Thursday, 29 July 2010

28 July - Arran - Dun Fionn route

Distance 14.5 km

Walk for Wednesday 4 August

Meet at Jimmy's about half eight for a nine o'clock start. The walk will be to Andy Goldworthy's Striding Arches walk at Moniaive. Walk is ten kilometres according to the official blurb (though none of us has actually done it yet to verify this) and takes in hill and high moorland. Be prepared for wet feet. (According to blurb!)

A foul weather alternative will be in place.

Saturday, 24 July 2010

Portencross Circular 21 July 2010

We had been very fortunate with the weather last week but the forecast for this week's walk in Arran was so bad that Robert, our decision meister, started phoning round on Tuesday night to suggest that we seek an alternative. And so it was that seven ooters plus the junior member assembled in Johnny's before setting off to do the Portencross circular. The weather was dreich but the threatened downpour had not arrived by the time we arrived at the carpark and got suitably waterproofed. This is a walk that has been done many times before and has been well documented, suffice it to say that we started off in a clockwise direction and before long had reached the castle, taking time to see if access was available - it wasn't. Work has continued on it though with new doors, windows and lead roofing visible. The journey up to the power station was brisk and, with the light rain easing off, jackets came off to cope with the warm temperature. As we neared the 'Hunterston bubble' we were almost overcome with the smell of rotting seaweed, allegedly. Allegedly, because the appearance of the smell coincided with Johnny opening his jacket to reveal his new semmit. He had warned us earlier that the said garment would absorb the sweat but would also 'ming'.

He said it would ming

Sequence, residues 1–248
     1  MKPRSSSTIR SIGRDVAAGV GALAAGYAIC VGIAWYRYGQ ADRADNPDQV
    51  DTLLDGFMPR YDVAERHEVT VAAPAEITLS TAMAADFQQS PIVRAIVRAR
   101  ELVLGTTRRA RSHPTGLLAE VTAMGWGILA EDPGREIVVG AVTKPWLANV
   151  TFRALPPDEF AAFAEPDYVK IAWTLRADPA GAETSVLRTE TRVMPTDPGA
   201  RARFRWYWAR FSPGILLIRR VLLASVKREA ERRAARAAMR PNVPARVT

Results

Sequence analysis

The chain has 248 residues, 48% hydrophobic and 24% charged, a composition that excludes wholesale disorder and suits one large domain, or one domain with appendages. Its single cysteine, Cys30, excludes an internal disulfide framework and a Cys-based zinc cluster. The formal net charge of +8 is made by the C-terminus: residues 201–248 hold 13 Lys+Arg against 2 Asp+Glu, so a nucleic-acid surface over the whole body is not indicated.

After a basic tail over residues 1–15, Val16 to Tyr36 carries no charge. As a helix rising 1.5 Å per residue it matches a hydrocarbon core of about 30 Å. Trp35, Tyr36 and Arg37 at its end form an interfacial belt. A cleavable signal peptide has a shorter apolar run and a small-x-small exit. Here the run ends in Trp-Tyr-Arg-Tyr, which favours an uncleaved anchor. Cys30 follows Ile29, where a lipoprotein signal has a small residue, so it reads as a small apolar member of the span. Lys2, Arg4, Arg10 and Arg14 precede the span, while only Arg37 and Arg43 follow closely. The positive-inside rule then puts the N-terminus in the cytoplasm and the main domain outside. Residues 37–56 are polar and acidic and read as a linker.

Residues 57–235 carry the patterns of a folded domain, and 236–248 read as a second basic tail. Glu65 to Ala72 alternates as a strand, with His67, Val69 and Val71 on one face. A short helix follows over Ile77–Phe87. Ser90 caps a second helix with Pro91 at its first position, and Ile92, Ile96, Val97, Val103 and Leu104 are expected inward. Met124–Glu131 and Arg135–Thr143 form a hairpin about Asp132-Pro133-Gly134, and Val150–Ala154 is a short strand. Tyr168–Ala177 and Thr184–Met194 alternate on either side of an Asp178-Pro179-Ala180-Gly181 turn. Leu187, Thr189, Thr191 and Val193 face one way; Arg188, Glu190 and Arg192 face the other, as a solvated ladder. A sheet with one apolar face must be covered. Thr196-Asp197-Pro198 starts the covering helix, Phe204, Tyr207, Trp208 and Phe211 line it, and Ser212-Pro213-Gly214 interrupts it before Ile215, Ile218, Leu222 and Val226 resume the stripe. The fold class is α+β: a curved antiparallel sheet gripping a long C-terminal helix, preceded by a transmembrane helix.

He wasn't wrong
Like a rotten bing
It truly did pong

Soon the rain returned; a steady, relentless drizzle. The pace hastened as we made our way off the shore road and on to the track that would take us towards the A78. Coffee was called for at our usual spot along this wee road and since it was decided we wouldn't be stopping again, coffee became lunch, Before long though we were on our way as we wanted to finish before we got too wet. We turned up the main road and then veered right at the sign for the smallholdings and followed the road past the new house, that still has not been finished, until we met the road up to the carpark. By this time the rain, although not stoating down, was relentless and by the time we made the cars we were well drookit.
'2 hours and 35 minutes', called Davie. 'Is this our fastest ever walk?'
FRT was taken, not at the Merrick, but at the Lauriston in Ardrossan where Davie C appears to be well known, the hostelry being a stone's throw from Ardrossan Academy. Davie's party piece today was 'how to sign for the deaf in Chinese'. As the pub television was then switched from the news to the racing, now there's a surprise, Davie will next week demonstrate the art of how to do tic-tac in Swahili whilst sitting on his hands.

We will try for Arran again on the 28th, weather permitting.

Friday, 16 July 2010

Walk for 21st July - Arran

0930 - Ardrossan terminal - Dun Foinn Walk

On top of Dun Fionn, there is a round eminence which seems to have been a vitrified fort, such as abound in the N Highlands, though it is now concealed by soil and grass.
J Headrick 1807.

Hardly a trace remains of this fort (Balfour 1910). McArthur (1873) describes the ruins of a wall, 3-5ft thick, running round the flat summit of the hill, and following its configuration, enclosing an area about 140ft in circumference. Balfour's dismissal of the suggestion that this fort is vitrified is probably sound (c/f An Cnap: NS04NW 2).
J McArthur 1873; J Balfour 1910; R McLellen 1970.

NS 0464 3384 A small oval fort situated on the edge of a vertical north facing cliff. It consists of an earth and stone bank, 0.6m high and spread to 3.0m enclosing an area 30.0m east-west by 10.0m. The bank has been mutilated on the east and north-east and although there is no entrance visible it was probably on this side. There are no facing stones and no sign of vitrifaction.